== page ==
Ezzedine Choukri Fishere
Bitterlemons (Opinion)
November 12, 2010 - 12:00am
http://bitterlemons-api.org/inside.php?id=1


It was chilling in Jerusalem in January 2002, and not only because of the weather. The sandbags, the metal detectors, the security guards with their visible guns at entrances to restaurants, malls, hospitals; almost a guard for every door. This was a country seized by a deep sense of threat and disillusionment. In the West Bank, a second winter of heavy repression closed and terrorized villages and towns. Those who had to leave their homes for work, an errand or a family visit, couldn't know when, if, they would come back. This was a whole nation denied hope, and grounded. On both sides, this was another winter of killing, with each side doing its best to hurt the other, in the flesh.

For me and my colleagues in the United Nations' political office, this was another year of oscillation between hope and fury. After numerous diplomatic failures, we thought that what Israelis and Palestinians needed most was listening--truly listening--to each other. The two sides mirrored one another's image and most of their needs were compatible, if not mutually dependent. There was a solution to their conflict, but it couldn't be reached as long as they ignored each other. The killing spree was not only cruel, it was unnecessary. If each side expressed its concern in a way that made sense to the other, they would be able to find common ground. But they didn't. As we shuttled between the two killing fields we were revolted by the parties' self-centeredness, yet hopeful that one day we would find a way to break this infernal circle.

Then came the news of a brewing Arab peace initiative. We got excited; this could be the opening we were looking for. If only we could convince the Arabs to speak a language Israelis could relate to. At the Arab League Summit in Beirut's Phoenicia Hotel, UN Secretary-General Kofi Annan and his senior colleagues talked to Arab leaders while my colleagues and I discussed, more bluntly, with our counterparts. We asked: why won't Arab leaders be more forceful in affirming their willingness to accept Israel as a normal member of the region? Why can't Arab leaders fly to Jerusalem and speak to the Israelis directly? What is the point of mentioning the right of return if the objective is an agreed solution on refugees?

Our interlocutors were on a different level. Almost everyone at the Phoenicia Hotel anticipated a negative reaction from Israel's prime minister: "Sharon is not interested in peace," many concurred. "This would be politically foolish," a senior diplomat explained. "In the absence of a binding deal, any concession made in the initiative will be pocketed by the Israeli government and become the new baseline. And you from the UN will come next time to ask us for more concessions."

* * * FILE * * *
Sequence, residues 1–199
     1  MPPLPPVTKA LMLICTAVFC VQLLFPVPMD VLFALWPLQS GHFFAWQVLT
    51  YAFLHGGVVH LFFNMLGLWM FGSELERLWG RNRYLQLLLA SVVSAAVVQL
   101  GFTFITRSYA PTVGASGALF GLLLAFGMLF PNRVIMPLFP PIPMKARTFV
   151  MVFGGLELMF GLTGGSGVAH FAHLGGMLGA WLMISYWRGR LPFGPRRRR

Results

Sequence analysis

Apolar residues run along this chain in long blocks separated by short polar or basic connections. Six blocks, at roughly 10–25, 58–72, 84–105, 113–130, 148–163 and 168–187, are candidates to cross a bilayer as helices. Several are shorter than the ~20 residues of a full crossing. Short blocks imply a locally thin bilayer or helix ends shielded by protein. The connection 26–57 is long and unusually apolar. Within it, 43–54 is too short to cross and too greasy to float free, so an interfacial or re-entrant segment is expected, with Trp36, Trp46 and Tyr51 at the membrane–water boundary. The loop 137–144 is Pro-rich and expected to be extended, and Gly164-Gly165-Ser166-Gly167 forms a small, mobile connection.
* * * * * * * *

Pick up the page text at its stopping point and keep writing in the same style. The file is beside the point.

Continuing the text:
They pointed to the disillusionment of Arab public opinion after ten years of sterile negotiations and after Arafat "gave Israel everything". No Arab leader can afford to make a positive gesture toward Israel while it represses the Palestinians and expands settlements, they said. We retorted: "but look at Sadat's example." They retorted back: "Exactly! Look how Begin 'rewarded' Sadat's gesture, look how the story ended." For them, these were real-life political realities. For my UN colleagues, this was lack of leadership and vision.

I left my UN colleagues and wandered among Arab diplomats. I asked friends and former colleagues why Arab leaders bother at all coming up with an initiative if their assessment of the situation is so bleak. Some trivialized the whole affair: "The initiative says nothing new; we have been saying mutual recognition and 1967 borders for 30 years. Why is this suddenly interesting?" Others speculated that the Saudi initiative was not meant to resolve the Arab-Israel conflict but to salvage Saudi-American relations, which were on the rocks since 9/11. Many spoke of irritation and suspicion among Arab leaders at the initiative: "Look who is present and who is absent."

We argued and argued the merits of "speaking to the other side", but what we said didn't count much. Arab officials were too busy struggling with their own political realities to pay attention to what foreign diplomats said. After pushing and pulling, the crafty Arab League chief drafted a compromise text while, ominously, a senior Saudi official had a heart attack and was carried out of the meeting on a stretcher.

The text of the initiative wasn't a resounding example of public diplomacy, but it was the best one could hope for given political constraints. I thought that its message would resonate with the Israelis who wanted to believe that the conflict wasn't inescapable, a kind of fate that they, the tragic heroes, have to face, and that what they thought to be an irreconcilably hostile Arab world was ready to accept them as neighbors.

But I was wrong. Words couldn't compete with political realities; Prime Minister Ariel Sharon dismissed the initiative almost immediately and the international community's interest in it faded. When a bloody suicide bombing at a Passover celebration was followed by a bloody invasion of the West Bank, talk about peace ceased.

The Arab Peace Initiative had failed to become the political tool we were looking for. During the ordeals that followed, our focus in the UN shifted to drafting a "roadmap" that would take the parties from their mayhem to a political solution. The Arab Peace Initiative was turned from a tool into a "parameter for the endgame" in that "roadmap for peace". Ultimately, nothing came of either. As I left the Holy Land in summer 2004, I thought the Arab Peace Initiative was dead and buried with the roadmap and similar documents. Fortunately, I was proven wrong again.




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